(Excalibur I#1 - BTS) - Despite Mojo's earlier defeat against the X-Men, New Mutants and Captain Britain, his television show, called Wildways, continued to air. During one such airing, it was viewed by Captain Britain's girlfriend, the shape-changing Meggan, as she surfed through her television's various channels.

(Excalibur: Mojo Mayhem - BTS) - Following the escape of the child X-Men replicants known as the X-Babies and Mojo's subsequent hunt for them using the Agent, the X-Babies agreed to return to the Mojoverse and star in Mojo's Wildways program in exchange for Mojo destroying his contact with their human ally Ricochet Rita.

(Excalibur I#22 - BTS) - Thinking about her recent encounter with Mojo, Phoenix (Rachel Summers) thought about how Mojo was a master showman, ringmaster of the Wildways dimension, who had intended to make Phoenix his star attraction.

(Official Handbook of the Marvel Universe: Master Edition I#19 - Shatterstar entry - (fb) - BTS) - The rebel Shatterstar based himself out of the Wildways dimension.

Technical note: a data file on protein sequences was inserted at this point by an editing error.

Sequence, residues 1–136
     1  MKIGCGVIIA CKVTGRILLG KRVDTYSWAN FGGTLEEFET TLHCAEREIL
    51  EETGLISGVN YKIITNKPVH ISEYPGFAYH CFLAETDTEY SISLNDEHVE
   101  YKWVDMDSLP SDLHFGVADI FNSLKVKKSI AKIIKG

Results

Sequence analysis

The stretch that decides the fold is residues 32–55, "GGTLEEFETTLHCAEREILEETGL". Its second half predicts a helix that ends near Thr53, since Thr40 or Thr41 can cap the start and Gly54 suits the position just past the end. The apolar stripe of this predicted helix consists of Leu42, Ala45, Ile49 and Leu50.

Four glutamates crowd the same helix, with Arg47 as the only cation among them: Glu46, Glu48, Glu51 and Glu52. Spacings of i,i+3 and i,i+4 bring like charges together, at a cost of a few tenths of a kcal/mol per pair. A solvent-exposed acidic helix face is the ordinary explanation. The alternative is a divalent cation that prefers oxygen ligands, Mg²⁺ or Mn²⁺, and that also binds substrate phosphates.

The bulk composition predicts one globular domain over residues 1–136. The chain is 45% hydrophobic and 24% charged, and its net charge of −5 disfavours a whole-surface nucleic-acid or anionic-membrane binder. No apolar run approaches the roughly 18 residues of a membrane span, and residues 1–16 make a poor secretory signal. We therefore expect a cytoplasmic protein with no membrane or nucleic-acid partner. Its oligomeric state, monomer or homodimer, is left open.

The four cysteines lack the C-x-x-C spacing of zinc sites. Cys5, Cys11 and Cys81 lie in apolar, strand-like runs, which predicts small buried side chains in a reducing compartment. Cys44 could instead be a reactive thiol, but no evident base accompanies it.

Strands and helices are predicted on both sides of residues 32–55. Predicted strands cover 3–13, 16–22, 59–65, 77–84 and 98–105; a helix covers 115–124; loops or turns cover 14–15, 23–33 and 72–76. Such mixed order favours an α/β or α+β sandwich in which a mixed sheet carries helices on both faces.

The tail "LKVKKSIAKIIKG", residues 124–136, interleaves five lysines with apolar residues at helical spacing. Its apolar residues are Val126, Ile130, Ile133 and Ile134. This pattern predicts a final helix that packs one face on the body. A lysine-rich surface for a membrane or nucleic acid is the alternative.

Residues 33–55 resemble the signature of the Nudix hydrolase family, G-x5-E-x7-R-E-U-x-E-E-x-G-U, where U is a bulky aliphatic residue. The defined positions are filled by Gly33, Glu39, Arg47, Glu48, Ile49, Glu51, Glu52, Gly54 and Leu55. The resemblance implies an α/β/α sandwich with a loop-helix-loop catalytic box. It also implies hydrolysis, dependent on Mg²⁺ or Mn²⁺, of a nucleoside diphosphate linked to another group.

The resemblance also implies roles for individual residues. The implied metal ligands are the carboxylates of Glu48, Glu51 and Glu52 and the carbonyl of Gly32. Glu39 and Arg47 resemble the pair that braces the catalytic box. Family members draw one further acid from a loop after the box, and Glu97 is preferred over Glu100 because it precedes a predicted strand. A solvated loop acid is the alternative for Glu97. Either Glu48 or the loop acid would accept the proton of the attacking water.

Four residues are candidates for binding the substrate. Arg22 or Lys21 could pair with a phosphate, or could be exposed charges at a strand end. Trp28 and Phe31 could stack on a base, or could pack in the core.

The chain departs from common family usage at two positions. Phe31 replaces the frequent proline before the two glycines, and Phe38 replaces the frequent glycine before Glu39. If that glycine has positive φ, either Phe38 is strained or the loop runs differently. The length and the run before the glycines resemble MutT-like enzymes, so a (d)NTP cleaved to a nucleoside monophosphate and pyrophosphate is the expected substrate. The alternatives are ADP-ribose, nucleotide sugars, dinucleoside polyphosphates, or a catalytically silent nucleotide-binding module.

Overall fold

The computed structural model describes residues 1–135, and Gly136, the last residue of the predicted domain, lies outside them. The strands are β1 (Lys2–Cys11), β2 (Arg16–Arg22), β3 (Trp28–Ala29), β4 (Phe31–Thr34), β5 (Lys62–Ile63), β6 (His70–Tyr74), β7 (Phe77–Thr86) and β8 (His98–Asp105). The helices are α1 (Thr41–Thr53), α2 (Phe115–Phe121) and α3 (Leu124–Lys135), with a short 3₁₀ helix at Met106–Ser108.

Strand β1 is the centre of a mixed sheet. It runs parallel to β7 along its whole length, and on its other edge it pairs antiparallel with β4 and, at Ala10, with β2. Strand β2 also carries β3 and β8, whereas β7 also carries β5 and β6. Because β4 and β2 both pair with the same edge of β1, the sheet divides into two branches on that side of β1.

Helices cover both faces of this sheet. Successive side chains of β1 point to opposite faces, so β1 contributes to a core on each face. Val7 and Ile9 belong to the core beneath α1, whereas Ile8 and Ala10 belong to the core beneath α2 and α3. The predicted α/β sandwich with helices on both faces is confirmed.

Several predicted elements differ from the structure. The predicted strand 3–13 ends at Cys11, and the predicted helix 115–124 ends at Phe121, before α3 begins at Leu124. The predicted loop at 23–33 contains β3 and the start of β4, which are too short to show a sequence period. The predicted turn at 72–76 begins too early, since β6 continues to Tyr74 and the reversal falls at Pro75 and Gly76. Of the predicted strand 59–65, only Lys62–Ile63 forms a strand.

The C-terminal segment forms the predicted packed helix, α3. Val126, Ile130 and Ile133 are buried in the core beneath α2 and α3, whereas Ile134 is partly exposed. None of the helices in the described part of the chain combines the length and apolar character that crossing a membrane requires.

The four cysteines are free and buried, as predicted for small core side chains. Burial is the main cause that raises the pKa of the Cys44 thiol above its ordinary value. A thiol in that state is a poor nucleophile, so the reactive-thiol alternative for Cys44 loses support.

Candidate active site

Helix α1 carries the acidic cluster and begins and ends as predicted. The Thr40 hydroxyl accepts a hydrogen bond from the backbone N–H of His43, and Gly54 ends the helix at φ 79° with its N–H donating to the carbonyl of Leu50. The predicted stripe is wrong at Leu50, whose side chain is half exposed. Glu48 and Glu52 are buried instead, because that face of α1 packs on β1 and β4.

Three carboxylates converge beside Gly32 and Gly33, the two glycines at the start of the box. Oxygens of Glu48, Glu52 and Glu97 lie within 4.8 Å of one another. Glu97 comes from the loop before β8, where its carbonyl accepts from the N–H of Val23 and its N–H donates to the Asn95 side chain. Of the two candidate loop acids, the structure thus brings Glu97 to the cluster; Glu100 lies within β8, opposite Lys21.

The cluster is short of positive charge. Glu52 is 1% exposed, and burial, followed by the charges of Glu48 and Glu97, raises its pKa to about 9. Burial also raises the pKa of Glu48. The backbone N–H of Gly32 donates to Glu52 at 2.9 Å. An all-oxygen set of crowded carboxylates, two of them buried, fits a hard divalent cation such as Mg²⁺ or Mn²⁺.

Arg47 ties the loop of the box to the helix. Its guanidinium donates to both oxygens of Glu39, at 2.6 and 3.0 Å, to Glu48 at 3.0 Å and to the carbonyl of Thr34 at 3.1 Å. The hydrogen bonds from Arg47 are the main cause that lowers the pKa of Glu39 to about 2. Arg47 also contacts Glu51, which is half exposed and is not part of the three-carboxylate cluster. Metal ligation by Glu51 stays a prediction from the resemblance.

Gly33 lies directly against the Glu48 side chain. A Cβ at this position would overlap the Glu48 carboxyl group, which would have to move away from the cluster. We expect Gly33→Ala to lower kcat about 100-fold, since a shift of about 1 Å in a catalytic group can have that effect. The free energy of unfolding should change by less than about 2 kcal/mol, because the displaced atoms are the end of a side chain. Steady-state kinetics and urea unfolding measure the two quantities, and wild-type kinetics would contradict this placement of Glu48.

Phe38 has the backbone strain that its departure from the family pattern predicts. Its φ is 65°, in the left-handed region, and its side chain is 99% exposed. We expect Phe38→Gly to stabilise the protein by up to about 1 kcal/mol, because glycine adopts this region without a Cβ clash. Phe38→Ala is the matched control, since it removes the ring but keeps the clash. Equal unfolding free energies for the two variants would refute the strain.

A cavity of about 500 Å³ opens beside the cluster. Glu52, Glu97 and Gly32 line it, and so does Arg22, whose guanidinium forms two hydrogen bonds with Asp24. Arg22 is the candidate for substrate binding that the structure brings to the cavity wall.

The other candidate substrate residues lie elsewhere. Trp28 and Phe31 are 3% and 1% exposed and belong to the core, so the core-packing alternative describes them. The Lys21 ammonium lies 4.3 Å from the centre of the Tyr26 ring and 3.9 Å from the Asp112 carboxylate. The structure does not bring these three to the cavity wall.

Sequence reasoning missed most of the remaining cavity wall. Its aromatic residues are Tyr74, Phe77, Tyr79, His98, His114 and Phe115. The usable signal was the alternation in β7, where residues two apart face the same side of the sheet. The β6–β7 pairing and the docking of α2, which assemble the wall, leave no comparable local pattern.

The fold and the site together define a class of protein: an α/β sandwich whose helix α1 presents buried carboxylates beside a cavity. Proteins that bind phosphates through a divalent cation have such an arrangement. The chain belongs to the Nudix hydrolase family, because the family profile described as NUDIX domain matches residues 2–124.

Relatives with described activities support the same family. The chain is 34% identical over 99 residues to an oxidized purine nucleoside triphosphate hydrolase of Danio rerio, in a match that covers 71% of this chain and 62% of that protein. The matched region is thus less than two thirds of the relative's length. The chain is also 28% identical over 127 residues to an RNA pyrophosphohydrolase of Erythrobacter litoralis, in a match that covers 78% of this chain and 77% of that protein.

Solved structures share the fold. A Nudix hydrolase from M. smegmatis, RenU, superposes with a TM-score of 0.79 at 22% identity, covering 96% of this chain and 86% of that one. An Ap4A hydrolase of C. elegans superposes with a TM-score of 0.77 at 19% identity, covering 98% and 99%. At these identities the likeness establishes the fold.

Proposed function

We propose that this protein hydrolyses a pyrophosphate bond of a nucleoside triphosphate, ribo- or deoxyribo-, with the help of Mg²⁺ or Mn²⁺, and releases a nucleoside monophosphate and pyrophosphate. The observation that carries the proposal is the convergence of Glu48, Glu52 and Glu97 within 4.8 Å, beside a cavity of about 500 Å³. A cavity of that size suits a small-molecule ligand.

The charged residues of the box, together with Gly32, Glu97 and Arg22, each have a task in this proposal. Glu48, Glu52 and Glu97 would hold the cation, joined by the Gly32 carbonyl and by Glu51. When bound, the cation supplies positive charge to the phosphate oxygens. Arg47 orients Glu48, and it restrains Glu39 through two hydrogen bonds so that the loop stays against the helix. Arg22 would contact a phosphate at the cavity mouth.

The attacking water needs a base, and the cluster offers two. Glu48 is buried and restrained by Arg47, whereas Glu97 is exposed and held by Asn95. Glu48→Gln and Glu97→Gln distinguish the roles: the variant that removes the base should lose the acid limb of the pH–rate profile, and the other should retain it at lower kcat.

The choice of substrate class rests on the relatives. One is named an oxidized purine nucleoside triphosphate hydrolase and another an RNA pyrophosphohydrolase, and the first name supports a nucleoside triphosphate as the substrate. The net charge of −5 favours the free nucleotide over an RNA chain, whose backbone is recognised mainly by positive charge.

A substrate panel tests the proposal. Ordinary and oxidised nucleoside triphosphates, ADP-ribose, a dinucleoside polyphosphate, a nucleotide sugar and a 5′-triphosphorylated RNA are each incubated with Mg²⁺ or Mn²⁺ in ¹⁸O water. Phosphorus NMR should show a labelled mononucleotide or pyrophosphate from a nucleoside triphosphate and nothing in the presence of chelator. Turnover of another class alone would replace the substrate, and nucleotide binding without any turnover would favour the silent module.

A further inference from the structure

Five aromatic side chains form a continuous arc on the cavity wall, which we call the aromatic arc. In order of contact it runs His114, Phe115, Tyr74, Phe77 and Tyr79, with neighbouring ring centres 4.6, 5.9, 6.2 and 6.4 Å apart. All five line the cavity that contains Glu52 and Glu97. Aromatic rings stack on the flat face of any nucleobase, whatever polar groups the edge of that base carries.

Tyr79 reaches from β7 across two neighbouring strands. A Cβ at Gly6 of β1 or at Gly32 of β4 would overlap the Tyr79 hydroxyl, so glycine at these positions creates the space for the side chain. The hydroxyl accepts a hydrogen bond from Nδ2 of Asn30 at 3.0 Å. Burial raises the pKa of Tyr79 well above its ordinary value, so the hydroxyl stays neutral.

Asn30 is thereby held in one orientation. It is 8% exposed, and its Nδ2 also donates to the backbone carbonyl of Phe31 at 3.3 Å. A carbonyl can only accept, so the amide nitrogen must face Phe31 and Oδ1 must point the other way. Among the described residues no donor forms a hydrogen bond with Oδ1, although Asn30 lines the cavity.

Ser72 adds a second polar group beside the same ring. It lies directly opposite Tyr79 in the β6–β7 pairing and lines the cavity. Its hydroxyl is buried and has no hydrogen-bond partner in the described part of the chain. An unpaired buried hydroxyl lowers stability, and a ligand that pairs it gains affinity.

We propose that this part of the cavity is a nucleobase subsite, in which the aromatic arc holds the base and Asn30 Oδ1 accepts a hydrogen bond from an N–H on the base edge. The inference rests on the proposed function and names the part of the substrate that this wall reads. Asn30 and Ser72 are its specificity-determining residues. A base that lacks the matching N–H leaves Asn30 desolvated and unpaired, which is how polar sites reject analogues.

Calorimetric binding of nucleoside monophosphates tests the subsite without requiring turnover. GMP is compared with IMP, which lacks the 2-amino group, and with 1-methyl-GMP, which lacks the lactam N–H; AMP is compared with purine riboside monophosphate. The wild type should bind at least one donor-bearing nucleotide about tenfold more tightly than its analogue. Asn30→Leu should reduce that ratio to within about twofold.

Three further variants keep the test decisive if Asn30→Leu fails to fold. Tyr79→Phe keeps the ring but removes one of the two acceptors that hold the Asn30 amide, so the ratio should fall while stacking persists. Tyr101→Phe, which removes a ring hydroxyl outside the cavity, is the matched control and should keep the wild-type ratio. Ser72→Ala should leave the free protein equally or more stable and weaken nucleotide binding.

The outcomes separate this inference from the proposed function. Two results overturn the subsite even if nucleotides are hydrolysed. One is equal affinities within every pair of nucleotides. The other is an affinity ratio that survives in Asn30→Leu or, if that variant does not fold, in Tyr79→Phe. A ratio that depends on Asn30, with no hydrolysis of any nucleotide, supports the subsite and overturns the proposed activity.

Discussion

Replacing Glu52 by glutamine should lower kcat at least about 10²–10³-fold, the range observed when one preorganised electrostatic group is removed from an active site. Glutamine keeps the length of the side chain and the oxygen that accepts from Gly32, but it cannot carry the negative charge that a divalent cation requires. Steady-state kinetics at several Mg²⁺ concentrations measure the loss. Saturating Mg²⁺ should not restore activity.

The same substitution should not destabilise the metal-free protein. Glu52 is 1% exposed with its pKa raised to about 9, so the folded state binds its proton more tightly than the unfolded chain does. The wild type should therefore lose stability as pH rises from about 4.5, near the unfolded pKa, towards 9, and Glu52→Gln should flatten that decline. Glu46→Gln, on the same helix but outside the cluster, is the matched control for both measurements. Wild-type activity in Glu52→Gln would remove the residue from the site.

(Marvel Comics Presents I#89/4 (fb) - BTS) - In addition to his other self-given titles, Mojo also referred to himself as "Media Prince of the Wildways." At some point, an editing room for the footage that Mojo filmed was built in the Wildways dimension.

(Marvel Comics Presents I#89/4) - After Mojo decided to make a documentary to boost his faltering ratings, he had Spiral transport himself, herself and his aides, Major Domo and Minor Domo, to Earth's Xavier's School for Gifted Youngsters in order to film a documentary entitled The X-Men in Their Natural Habitat. Upon arrival, Mojo asked Spiral if she was excited about their safari to Earth but a grumbling Spiral warned Mojo to be quiet, lest he break her concentration during her time/space dance and risk being stuck between Earth and the Wildways dimension. After Mojo and his crew obtained footage of the X-Men engaging in everyday activities, missing footage of them in a Danger Room training session due to running out of film, Mojo's aides Major Domo, Minor Domo and Spiral went over the obtained footage in the Wildways dimension's editing room, where Major Domo learned Mojo had the camera facing the wrong direction the entire time, taking 5 rolls of film with nothing but Mojo's face on it.